What is electricity? It sounds like a silly question and I’m sure you know. You use it every day. Light your home. Cook your meals. You warm your food. It powers most of your home appliances and electronics to make your life easier. It’s only fair to know where it comes, how much of it you’re using and learn a few things about how it powers almost everything around us.
Electricity is a form of energy resulting from the existence of charged particles (such as electrons or protons), either statically as an accumulation of charge or dynamically as a current. That’s the dictionary definition. In simple words, electricity is a type of energy that can build up in one place or flow from one place to another.
There are two main types of electricity: Static Electricity, generated by rubbing two or more objects causing friction to build up or Current Electricity, generated by the flow of electrical charge through a conductor across an electrical field. Static electricity is electricity that gathers in one place. Current electricity is electricity that moves from one place to another.
Electricity is a secondary energy source which means that we get it from the conversion of other sources of energy, like coal, natural gas, oil, nuclear power and other natural sources, which are called primary sources. Electricity is most often generated at a power plant by electromechanical generators, primarily driven by heat engines fueled by combustion or nuclear fission but also by other means such as the kinetic energy of flowing water and wind. Other energy sources include solar photovoltaics and geothermal power.
Electricity is also referred to as an energy carrier, which means it can be converted to other forms of energy such as mechanical energy or heat. Primary energy sources are renewable or nonrenewable energy, but the electricity we use is neither renewable nor nonrenewable.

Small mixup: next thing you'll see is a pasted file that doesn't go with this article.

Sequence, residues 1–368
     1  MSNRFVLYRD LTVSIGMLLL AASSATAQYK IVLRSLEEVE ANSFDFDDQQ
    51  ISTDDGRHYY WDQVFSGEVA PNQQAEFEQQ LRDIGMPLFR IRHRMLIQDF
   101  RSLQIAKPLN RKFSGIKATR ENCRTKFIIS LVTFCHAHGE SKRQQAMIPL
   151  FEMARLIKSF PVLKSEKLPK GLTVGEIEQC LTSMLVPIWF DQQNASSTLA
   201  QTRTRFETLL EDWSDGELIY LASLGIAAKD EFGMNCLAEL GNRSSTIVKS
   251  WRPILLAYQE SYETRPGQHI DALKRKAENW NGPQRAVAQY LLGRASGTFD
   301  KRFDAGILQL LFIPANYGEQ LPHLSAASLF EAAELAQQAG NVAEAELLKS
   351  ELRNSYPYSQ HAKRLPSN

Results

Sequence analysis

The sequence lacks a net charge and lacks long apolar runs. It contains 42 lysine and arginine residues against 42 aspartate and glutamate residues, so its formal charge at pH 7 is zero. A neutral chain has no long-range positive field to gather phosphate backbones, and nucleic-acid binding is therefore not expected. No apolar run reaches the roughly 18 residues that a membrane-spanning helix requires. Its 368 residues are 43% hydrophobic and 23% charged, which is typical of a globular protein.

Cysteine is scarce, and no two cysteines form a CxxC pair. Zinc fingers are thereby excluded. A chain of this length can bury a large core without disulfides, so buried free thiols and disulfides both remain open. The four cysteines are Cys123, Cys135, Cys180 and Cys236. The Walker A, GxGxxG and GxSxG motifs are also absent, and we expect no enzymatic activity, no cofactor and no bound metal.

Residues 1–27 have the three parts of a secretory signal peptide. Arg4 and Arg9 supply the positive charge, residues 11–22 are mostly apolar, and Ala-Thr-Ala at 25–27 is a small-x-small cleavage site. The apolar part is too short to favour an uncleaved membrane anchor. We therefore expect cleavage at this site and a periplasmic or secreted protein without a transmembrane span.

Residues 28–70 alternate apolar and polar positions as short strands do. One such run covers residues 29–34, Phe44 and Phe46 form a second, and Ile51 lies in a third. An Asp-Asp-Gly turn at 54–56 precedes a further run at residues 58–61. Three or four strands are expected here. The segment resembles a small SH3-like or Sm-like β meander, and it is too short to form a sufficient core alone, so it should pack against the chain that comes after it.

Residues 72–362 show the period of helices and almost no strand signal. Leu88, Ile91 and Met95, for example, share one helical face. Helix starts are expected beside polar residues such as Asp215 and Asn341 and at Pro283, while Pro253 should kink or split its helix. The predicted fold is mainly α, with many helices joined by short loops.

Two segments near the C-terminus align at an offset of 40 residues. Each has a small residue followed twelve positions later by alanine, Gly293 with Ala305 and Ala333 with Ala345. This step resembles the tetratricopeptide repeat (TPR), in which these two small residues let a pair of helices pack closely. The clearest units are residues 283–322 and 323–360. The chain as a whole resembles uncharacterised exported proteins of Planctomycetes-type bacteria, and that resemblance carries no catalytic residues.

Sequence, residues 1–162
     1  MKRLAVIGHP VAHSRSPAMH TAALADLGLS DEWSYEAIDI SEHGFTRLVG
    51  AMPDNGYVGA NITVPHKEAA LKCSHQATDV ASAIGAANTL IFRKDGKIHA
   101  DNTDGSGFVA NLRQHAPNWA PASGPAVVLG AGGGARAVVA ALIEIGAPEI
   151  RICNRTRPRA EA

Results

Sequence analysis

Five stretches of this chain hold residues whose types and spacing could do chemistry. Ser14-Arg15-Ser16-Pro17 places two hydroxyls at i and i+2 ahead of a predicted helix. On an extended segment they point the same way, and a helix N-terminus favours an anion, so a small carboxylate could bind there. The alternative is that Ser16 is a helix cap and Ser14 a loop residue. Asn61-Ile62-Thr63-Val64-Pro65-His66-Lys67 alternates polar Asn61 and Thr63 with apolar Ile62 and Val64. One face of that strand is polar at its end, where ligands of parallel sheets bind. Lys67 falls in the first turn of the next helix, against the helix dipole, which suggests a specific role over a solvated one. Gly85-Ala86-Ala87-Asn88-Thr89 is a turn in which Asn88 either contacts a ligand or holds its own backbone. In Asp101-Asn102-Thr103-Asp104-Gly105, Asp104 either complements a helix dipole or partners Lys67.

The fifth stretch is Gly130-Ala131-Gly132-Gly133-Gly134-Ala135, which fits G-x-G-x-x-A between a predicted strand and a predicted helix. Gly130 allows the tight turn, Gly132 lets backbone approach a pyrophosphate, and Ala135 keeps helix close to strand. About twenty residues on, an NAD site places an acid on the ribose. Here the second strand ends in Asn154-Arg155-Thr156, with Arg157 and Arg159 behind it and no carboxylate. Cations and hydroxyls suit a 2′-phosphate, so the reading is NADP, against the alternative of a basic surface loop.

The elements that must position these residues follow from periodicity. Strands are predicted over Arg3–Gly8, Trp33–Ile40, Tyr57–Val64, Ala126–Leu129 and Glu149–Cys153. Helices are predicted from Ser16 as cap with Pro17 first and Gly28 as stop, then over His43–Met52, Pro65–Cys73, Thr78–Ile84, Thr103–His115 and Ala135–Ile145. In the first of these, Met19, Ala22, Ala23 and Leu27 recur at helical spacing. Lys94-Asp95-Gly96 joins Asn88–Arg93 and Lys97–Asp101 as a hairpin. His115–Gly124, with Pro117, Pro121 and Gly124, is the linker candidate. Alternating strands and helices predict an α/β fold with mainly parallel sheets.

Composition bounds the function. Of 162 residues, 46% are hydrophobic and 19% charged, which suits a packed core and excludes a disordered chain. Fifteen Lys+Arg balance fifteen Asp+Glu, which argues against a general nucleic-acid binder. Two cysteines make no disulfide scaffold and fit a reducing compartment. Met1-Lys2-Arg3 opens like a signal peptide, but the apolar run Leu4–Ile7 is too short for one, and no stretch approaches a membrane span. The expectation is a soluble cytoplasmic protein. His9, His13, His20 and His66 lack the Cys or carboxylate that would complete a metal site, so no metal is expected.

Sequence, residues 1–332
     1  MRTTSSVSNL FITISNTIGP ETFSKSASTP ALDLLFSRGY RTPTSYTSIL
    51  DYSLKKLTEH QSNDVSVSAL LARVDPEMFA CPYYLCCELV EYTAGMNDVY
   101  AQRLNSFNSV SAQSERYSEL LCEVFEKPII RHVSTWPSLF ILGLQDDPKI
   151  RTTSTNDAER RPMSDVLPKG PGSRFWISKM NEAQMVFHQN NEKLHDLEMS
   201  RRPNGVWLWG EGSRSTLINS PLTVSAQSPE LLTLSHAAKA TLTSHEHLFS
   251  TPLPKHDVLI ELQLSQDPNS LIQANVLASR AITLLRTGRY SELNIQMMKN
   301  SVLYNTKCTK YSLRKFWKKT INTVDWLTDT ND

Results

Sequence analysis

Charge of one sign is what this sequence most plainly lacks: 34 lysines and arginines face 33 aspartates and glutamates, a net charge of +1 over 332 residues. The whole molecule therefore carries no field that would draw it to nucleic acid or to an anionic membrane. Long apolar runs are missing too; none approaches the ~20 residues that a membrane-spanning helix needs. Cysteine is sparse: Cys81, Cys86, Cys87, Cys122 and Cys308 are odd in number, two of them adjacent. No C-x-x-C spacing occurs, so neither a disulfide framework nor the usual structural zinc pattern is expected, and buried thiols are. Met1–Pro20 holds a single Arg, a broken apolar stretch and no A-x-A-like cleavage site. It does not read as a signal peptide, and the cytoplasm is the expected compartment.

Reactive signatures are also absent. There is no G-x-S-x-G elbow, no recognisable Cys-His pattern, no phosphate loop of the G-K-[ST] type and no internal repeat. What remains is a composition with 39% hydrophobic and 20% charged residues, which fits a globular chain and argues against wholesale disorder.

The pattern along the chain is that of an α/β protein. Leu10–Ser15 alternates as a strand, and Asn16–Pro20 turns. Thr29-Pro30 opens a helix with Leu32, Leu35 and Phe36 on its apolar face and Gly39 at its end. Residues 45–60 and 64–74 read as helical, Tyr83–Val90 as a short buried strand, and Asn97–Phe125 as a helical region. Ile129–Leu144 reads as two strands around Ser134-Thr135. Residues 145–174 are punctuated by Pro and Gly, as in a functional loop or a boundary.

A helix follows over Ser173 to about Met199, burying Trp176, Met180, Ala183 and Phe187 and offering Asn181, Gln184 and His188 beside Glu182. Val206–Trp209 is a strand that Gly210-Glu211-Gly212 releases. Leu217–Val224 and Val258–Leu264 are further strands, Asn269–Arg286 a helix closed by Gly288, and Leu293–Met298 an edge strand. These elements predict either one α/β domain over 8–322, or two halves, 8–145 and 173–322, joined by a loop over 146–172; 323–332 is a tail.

Despite its great importance in daily life, few people probably stop to think about what life would be like without electricity. Like air and water, people tend to take electricity for granted.
Before electricity became widely available, about 100 years ago, candles, whale oil lamps, and kerosene lamps provided light, iceboxes kept food cold, and wood-burning or coal-burning stoves provided heat.
Scientists and inventors have worked to decipher the principles of electricity since the 1600s. Benjamin Franklin, Thomas Edison, and Nikola Tesla made notable contributions to our understanding and use of electricity.
Benjamin Franklin demonstrated that lightning is electricity. Thomas Edison invented the first long-lasting incandescent light bulb.
Before 1879, direct current (DC) electricity was used in arc lights for outdoor lighting. In the late 1800s, Nikola Tesla pioneered the generation, transmission, and use of alternating current (AC) electricity, which reduced the cost of transmitting electricity over long distances. Tesla’s inventions brought electricity into homes to power indoor lighting and into factories to power industrial machines.
Here are 20 electricity statistics to reflect on:
- In 2018, world gross electricity production was 3.9% higher than in 2017. Year on year, global electricity production has grown each year continuously since 1974, except for between 2008 and 2009, when the global financial crisis caused an appreciable decline in production.
- In 2018, non‑OECD countries’ share of production reached 58.0% of world electricity generation – more than double the share they held in 1974, Annual production growth between 2010 and 2018 averaged 0.3% in OECD countries, compared with 4.8% in non‑OECD countries.
- In 2018, generation from combustible fuels accounted for 66.3% of total world gross electricity production. Combustible fuels include coal and coal products, oil and oil products, natural gas, biofuels including solid biomass and animal products, gas/liquids from biomass, industrial waste and municipal waste.
- In 2018, the world total electricity final consumption reached 22 315 TWh, 4.0% higher than in 2017. In 2018, OECD total electricity final consumption was 9 728 TWh, 1.8% higher than in 2017, while final electricity consumption in non-OECD countries was 12 587 TWh, an increase of 5.7% from 2017.
- In 2019, about 4,118 billion kilowatt-hours (kWh) (or about 4.12 trillion kWh) of electricity were generated at utility-scale electricity generation facilities in the United States.